Analysis of cores from the Lower Gondwana basin in eastern India confirms the presence of abundant organic matter, indicating a high shale gas prospective zone. Combined anisotropic formulations of self-consistent approximation (SCA) and differential effective medium (DEM) theory is the most suitable among existing theories to deal with the complex microstructure of shale to account for observed seismic anisotropy. We start by predicting the bulk and rigidity moduli of clay mineral aggregates as 21 GPa and 10 GPa from our model, which are difficult to measure in the laboratory due to the small crystal size of clay. A concept of host medium (HM) is presented here, which is constituted of clay mineral aggregates, kerogen, and unconnected pores. Other min- erals are added in the biconnected composite constituted of HM and connected pores filled with water. An orientation distribution function (ODF) of clay particles is determined using the combined SCA-DEM theory from the observed ultrasonic velocity measure- ments. Our model shows strong intrinsic anisotropy at the shallow depth that decreases with depth because of the changes in the microstructure of the shale. The P-velocity predicted from our model, widely used Biot–Gassmann theory (BGT) and Biot– Gassmann theory modified by Lee (BGTL) match well with the measured data where P-wave anisotropy is insignificant. We also predict from our model the volume of kerogen and total organic carbon as 26–43% and 6–8%, respectively.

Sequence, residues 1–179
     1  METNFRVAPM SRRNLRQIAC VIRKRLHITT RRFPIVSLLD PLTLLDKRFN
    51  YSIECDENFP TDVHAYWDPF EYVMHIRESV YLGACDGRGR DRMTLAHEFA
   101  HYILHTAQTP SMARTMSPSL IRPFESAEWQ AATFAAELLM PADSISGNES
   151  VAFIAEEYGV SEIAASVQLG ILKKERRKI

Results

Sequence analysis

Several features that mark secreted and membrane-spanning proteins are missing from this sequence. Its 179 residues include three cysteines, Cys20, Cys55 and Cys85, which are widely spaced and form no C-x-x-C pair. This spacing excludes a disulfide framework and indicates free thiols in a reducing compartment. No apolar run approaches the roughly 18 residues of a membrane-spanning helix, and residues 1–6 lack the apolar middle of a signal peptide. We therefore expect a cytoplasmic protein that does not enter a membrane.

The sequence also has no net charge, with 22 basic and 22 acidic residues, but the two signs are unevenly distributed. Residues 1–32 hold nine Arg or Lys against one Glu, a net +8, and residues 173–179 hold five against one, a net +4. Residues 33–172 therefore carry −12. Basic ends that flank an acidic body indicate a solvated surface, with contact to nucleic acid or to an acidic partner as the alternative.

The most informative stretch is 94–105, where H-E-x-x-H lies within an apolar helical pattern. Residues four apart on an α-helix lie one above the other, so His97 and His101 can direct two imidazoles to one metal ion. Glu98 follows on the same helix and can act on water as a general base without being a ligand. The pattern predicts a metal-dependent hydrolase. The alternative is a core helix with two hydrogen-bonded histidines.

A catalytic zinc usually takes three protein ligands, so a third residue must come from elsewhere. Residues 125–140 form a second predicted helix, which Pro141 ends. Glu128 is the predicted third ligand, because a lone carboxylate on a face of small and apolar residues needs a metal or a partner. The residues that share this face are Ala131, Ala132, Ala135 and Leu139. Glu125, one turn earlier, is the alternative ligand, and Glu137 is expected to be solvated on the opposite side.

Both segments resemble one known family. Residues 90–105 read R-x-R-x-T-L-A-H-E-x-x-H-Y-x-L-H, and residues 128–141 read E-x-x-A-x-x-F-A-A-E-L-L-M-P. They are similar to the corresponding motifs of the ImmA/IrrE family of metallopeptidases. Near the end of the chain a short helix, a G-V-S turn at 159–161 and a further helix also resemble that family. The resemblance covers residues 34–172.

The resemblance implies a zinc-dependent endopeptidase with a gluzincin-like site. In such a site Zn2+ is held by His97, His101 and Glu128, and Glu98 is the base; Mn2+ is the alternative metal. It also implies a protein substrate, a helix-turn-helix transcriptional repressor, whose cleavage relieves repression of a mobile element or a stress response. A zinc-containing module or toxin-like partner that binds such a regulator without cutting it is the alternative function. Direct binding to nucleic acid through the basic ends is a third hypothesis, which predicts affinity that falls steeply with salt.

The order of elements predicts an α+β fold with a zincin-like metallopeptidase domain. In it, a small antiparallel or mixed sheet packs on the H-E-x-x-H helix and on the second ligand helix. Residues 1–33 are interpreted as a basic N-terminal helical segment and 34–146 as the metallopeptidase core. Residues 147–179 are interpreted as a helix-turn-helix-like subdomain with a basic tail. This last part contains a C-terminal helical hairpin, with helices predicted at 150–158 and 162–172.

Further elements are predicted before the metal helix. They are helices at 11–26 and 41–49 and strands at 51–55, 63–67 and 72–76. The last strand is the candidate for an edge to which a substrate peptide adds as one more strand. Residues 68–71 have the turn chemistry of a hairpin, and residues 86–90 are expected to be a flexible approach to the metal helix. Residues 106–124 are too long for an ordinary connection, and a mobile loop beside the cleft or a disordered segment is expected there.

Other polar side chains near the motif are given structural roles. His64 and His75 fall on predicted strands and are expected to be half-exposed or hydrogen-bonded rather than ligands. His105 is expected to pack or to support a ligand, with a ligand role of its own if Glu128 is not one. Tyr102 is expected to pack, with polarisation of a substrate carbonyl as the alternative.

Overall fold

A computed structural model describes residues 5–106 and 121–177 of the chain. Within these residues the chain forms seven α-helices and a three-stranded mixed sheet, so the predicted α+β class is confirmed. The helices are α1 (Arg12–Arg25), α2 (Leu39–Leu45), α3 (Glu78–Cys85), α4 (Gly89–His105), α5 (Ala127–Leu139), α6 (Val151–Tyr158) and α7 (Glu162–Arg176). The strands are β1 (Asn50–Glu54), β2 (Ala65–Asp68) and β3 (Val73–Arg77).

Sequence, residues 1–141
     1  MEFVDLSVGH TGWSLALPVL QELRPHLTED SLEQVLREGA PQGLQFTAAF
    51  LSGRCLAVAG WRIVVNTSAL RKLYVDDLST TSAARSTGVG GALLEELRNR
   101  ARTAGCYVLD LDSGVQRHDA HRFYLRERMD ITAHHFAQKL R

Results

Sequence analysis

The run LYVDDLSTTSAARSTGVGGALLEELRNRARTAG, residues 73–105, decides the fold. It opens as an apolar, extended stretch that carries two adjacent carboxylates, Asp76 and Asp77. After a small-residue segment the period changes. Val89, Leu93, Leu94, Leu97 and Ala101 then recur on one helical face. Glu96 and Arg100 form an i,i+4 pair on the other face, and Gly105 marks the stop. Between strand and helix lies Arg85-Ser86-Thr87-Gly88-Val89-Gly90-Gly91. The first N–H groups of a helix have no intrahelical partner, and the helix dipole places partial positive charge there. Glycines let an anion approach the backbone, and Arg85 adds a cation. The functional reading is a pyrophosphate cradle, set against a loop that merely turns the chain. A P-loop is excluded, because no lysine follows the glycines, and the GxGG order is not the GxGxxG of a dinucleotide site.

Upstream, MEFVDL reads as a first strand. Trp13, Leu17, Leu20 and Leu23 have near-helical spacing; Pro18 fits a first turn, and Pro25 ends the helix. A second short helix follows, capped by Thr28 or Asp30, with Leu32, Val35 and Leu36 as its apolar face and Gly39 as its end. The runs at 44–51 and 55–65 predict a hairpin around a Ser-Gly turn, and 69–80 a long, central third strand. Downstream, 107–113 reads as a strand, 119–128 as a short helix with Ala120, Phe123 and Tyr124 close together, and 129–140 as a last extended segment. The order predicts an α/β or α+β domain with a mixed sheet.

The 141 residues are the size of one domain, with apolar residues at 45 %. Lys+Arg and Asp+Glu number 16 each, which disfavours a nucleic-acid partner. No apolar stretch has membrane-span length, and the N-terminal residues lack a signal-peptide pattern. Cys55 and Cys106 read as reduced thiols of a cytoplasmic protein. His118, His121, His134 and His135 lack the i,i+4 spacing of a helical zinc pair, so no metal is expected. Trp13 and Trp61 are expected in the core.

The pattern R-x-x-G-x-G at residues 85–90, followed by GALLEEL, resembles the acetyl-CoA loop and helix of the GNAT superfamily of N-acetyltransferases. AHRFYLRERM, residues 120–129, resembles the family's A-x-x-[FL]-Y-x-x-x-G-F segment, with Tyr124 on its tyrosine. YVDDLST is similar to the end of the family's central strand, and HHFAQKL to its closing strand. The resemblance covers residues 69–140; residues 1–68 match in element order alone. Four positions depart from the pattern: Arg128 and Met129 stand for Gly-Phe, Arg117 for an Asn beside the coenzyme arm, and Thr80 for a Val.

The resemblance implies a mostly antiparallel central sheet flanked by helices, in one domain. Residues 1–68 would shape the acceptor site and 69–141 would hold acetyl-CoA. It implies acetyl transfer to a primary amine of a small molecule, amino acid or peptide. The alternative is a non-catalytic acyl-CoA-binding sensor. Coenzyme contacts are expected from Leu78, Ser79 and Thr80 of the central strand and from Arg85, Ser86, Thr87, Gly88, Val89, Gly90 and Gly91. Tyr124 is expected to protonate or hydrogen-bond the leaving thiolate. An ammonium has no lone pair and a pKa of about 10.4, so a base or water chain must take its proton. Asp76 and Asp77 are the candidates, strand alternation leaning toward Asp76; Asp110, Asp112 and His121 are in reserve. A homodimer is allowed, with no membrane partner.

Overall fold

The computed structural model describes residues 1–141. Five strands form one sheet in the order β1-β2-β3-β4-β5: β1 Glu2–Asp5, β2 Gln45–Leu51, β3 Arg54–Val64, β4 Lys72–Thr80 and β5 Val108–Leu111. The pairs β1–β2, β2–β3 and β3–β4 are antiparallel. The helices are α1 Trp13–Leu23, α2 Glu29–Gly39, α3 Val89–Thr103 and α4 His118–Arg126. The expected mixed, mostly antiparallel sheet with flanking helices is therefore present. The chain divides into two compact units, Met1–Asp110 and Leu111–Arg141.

RANJANA GHOSH,1 PIYUSH SARKAR,2,3 and KUMAR HEMANT SINGH
Pure Appl. Geophys. 178 (2021), 123–139